houses, have met in Mr. Riis the most formidable
opponent ever encountered by them in New York City.
Many earnest men and earnest women have been stirred
to the depths by the want and misery and foul crime
which are bred in the crowded blocks of tenement
rookeries. These men and women have planned and
worked, intelligently and resolutely, to overcome the
evils. But to Mr. Riis was given, in addition to
earnestness and zeal, the great gift of expression, the
great gift of making others see what he saw and feel
what he felt. His book, How the Other Half Lives, did
really go a long way toward removing the ignorance in
which one half of the world of New York dwelt
concerning the life of the other half. Moreover, Mr. Riis
possessed the further great advantage of having himself
passed through not a few of the experiences of which he
had to tell. . . . No rebuff, no seeming failure, has ever
caused him to lose faith. The memory of his own trials
never soured him. His keen sense of the sufferings of
others never clouded his judgment, never led him into
hysterical or sentimental excess, the pit into which not a
few men are drawn by the very keenness of their
sympathies; and which some other men avoid, not
because they are wise, but because they are cold-
hearted. He ever advocates mercy, but he ever
recognizes the need of justice. The mob leader, the
bomb-thrower, have no sympathy from him. No man
has ever insisted more on the danger which comes to
the community from the lawbreaker. He set himself to
kill the living evil, and small is his kinship with the
dreamers who seek the impossible, the men who talk of
reconstituting the entire social order, but who do not
work to lighten the burden of mankind by so much as a
feather’s weight. Every man who strives, be it ever so
feebly, to do good according to the light that is in him,
can count on the aid of Jacob Riis if the chance comes.
(McClure's, March 1901.) Mem. Ed. XV, 209-211; Nat.
Ed. XIII, 270-272.
____________. Jacob Riis was one of those men who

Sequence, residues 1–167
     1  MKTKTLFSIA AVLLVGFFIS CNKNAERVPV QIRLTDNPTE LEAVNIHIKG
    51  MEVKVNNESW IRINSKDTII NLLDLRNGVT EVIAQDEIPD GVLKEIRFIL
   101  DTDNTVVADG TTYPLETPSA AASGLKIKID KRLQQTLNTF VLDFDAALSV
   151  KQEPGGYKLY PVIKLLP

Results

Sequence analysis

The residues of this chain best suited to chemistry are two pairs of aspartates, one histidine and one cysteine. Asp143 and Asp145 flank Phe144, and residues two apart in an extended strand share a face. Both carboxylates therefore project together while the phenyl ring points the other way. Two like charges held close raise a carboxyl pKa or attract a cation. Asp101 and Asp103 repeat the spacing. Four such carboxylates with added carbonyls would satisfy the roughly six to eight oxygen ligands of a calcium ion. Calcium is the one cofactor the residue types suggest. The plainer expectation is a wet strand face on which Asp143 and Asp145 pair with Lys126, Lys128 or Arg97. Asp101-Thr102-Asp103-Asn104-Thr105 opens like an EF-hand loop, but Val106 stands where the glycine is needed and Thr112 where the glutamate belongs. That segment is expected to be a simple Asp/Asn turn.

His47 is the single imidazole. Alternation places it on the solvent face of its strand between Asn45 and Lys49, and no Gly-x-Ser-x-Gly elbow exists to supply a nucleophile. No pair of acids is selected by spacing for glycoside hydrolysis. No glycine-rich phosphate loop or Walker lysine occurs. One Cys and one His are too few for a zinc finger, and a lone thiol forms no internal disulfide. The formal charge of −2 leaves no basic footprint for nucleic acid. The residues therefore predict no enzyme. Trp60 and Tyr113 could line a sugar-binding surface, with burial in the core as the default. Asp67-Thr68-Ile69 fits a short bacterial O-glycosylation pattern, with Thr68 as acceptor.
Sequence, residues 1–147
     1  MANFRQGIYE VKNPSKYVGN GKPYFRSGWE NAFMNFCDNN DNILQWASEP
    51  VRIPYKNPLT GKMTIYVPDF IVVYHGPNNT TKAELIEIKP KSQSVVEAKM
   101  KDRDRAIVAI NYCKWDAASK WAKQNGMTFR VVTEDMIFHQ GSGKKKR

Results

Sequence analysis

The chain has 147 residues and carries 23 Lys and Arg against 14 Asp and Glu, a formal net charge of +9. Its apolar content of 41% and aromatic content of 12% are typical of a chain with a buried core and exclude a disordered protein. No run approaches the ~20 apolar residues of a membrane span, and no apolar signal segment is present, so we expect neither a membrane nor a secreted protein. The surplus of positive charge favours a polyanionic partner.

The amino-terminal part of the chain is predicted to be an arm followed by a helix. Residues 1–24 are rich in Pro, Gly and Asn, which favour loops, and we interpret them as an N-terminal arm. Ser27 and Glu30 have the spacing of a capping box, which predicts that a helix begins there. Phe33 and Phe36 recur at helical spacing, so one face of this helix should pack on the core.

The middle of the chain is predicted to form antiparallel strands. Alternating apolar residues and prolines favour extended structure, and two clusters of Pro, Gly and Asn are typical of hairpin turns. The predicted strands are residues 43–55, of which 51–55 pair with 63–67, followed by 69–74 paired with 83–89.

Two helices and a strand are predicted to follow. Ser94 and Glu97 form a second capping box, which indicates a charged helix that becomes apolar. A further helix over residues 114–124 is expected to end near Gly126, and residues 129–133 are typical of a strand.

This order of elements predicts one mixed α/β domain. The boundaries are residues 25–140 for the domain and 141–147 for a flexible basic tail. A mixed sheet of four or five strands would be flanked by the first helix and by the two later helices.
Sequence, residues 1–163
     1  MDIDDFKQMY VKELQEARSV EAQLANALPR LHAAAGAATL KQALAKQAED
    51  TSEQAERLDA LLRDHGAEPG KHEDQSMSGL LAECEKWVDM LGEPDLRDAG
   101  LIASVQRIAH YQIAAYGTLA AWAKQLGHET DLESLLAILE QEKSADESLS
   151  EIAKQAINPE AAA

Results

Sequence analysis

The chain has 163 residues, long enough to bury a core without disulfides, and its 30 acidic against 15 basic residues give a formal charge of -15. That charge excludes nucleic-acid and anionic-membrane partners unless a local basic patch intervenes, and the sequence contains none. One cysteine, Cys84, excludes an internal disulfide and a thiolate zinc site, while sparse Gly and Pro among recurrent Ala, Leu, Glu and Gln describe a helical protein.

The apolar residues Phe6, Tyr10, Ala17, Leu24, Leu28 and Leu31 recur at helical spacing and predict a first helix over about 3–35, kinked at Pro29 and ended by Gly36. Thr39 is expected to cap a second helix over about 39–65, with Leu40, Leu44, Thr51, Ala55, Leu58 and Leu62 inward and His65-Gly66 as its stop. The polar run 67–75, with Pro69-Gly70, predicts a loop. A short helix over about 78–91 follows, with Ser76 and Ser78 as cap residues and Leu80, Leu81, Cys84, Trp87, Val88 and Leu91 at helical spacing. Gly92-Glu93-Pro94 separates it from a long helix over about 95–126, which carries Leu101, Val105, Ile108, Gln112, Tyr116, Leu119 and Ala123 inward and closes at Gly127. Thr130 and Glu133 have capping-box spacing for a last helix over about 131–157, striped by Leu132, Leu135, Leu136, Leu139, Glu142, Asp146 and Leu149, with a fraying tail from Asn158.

by his writings contributed most to raising the standard
of unselfishness, of disinterestedness, of sane and
kindly good citizenship, in this country. But in addition
to this he was one of the few great writers for clean and
decent living and for upright conduct who was also a
great doer. He never wrote sentences which he did not
in good faith try to act whenever he could find the
opportunity for action. He was emphatically a “doer of
the word," and not either a mere hearer or a mere
preacher. Moreover, he was one of those good men
whose goodness was free from the least taint of
priggishness or self-righteousness. He had a white soul;
but he had the keenest sympathy for his brethren who
stumbled and fell. He had the most flaming intensity of
passion for righteousness, but he also had kindliness
and a most humorously human way of looking at life
and a sense of companionship with his fellows. He did
not come to this country until he was almost a young
man; but if I were asked to name a fellowman who
came nearest to being the ideal American citizen, I
should name Jacob Riis. (Outlook, June 6, 1914; used
as Introduction.) Jacob A. Riis, The Making of an
American. (Macmillan Co., N. Y., 1916), pp. xv-xvi.
RIIS, JACOB A. See also CITY LIFE.
RIOTS—SUPPRESSION OF. If it comes to putting
down a riot, make up your mind that the person with
whom to feel sympathy is the law-abiding citizen, not
the lawless. When people put themselves in opposition
to law, start to put them down with a healthy desire to
see that they get put down quick, and if any damage
comes, let it come on them and not on the men who
have refrained from violating the law. (Before Liberal
Club, Buffalo, N. Y., September 10, 1895.) Mem. Ed.
XVI, 275; Nat. Ed. XIV, 195.
RIOTS. See also BROWNSVILLE RIOT; LABOR
RIVER IMPROVEMENT. See INLAND WATERWAYS;
ROADS—IMPORTANCE OF. No one thing can do
more to offset the tendency toward an unhealthy growth
from the country into the city than the making and
keeping of good roads. They are needed for the sake of
their effect upon the industrial conditions of the country
districts; and I am almost tempted to say they are
needed for the sake of social conditions in the country
districts. (Before Nat. and Internat. Good Roads
Convention, St. Louis, April 29, 1903.) Mem. Ed.
XVIII, 616; Nat. Ed. XVI, 446.
ROADS. See also FARM LIFE.
ROBINSON, EDWIN ARLINGTON. It is rather
curious that Mr. Robinson's volume [The Children of
the Night] should not have attracted more attention.
There is an undoubted touch of genius in the poems
collected in this volume, and a curious simplicity and